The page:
“The plan moving forward is uncertain and probably a long way off,” board member Mike Baddin said in the statement.
He warned of grassroots efforts to raise money for the synagogue amid concern for false crowdfunding pleas.
“Nobody affiliated with Adas has set up any type of GoFundMe page nor have any steps been taken to solicit contributions,” a news release said.
“The Adas board has not convened, but I have knowledge that no requests for financial donations have been solicited and I do not believe that will happen,” Baddin said. “Generosity is always appreciated, especially now.”
The surest way to send monetary support is by mail directly to the synagogue at 302 E. Third St., Duluth, MN 55805.
Even the notion of possible criminality unbalanced Rose.
“We felt very welcome in Duluth, never an unkindness towards us at all,” she said. “That’s part of why it’s so terrifying for me. I see it as a touchstone for everything good — being a Midwestern Jew.”
I am devastated.
Correction: my great great grandfather built it.
My great great grandfather was president
I am devastated.
Rose grew up in Chicago, visiting Adas Israel Congregation synagogue with her family multiple times a year. She’s cousins with the synagogue’s president, David Sher.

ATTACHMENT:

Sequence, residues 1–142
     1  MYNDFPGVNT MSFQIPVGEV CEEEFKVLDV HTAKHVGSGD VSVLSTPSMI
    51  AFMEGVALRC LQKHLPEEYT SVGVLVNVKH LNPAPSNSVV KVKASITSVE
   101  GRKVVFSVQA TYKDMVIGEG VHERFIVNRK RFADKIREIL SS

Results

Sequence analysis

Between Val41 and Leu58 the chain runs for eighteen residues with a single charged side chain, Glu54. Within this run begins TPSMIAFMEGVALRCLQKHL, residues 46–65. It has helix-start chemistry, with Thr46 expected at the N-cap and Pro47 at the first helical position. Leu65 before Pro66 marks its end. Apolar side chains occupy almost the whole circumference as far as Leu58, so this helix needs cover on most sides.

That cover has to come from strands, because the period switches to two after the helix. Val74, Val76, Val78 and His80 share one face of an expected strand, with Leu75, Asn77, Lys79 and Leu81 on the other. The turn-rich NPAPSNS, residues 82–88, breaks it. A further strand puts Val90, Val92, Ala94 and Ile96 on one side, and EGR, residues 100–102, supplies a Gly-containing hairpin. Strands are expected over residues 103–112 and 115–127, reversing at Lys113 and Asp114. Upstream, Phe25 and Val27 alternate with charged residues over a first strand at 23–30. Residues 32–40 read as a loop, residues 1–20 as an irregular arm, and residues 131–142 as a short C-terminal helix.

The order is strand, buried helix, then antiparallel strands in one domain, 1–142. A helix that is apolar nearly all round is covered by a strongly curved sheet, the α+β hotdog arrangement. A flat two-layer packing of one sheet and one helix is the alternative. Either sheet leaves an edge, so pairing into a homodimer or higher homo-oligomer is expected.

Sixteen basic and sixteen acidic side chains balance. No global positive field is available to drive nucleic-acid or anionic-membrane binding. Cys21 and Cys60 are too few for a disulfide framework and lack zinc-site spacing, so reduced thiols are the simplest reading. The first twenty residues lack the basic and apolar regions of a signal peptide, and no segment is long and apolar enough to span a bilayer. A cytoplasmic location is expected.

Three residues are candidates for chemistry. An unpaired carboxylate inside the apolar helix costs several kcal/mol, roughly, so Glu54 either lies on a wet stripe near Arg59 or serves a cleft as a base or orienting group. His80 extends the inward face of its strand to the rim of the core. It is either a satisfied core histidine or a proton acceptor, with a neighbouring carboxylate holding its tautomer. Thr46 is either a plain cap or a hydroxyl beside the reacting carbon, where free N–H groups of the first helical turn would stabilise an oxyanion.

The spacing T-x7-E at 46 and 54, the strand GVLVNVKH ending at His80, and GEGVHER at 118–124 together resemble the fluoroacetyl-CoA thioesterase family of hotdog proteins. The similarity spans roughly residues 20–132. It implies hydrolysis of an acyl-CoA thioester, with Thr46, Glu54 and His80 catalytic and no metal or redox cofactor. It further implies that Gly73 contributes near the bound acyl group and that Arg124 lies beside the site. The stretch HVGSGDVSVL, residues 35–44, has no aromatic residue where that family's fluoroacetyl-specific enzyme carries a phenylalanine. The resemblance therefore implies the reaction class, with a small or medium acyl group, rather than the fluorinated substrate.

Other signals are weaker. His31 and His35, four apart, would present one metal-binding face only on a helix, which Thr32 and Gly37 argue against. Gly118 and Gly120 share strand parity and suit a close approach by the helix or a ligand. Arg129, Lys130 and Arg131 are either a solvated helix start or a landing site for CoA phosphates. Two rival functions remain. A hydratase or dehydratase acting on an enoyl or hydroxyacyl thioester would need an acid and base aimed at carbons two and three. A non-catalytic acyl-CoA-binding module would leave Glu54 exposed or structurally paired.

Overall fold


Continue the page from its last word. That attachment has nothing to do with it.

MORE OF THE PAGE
Together with Rose’s 87-year-old mother, Helen Cohen Rose, the story of the Adas Israel Congregation came into view from its origins four generations ago. Helen was raised in Superior and lived in Chicago until moving to assisted living closer to her daughter in New York.
“I was happy to hear they saved the Torahs,” Helen said. “We’re Jews, we go on and we rebuild. We’re fortunate to have the Torahs to build around.”
To hear Rose and her mother tell it, the 120-year-old synagogue got its start with Helen’s great-grandfather, Sholem Kaner, one of the first Modern Orthodox Jews to settle here. The story is that Kaner, a determined man with a temper, was doing well in Lithuania until he was chosen for the military service.
“He didn’t like the idea and he decked a member of the armed services,” Helen said. “You don’t do that, so he came over with his pregnant wife.”
The first generation of Lithuanian Jews to join him were builders and merchants. Kaner built a home on East Second Street in Duluth and his family included 10 children. He and others who settled in the Northland paid for others to come from Lithuania.
“They brought over all sorts of families to marry into them,” Helen said. “The family tree is enormous.”
Later generations, Rose said, became doctors and lawyers who left the Northland, dispersing to places across the country. The Adas Israel Congregation synagogue that once had been a hard place in which to find a seat, began to decline in numbers. Still, it survived as other synagogues of its kind closed.
“It was an easy place for us — we felt like Minnesotans,” Rose said. “There was no place kinder and more welcoming for Jews than the Upper Midwest. The thought this might be intentional and a hate crime is horrifying. We’re waiting to hear. We hope it’s not our worst nightmare.”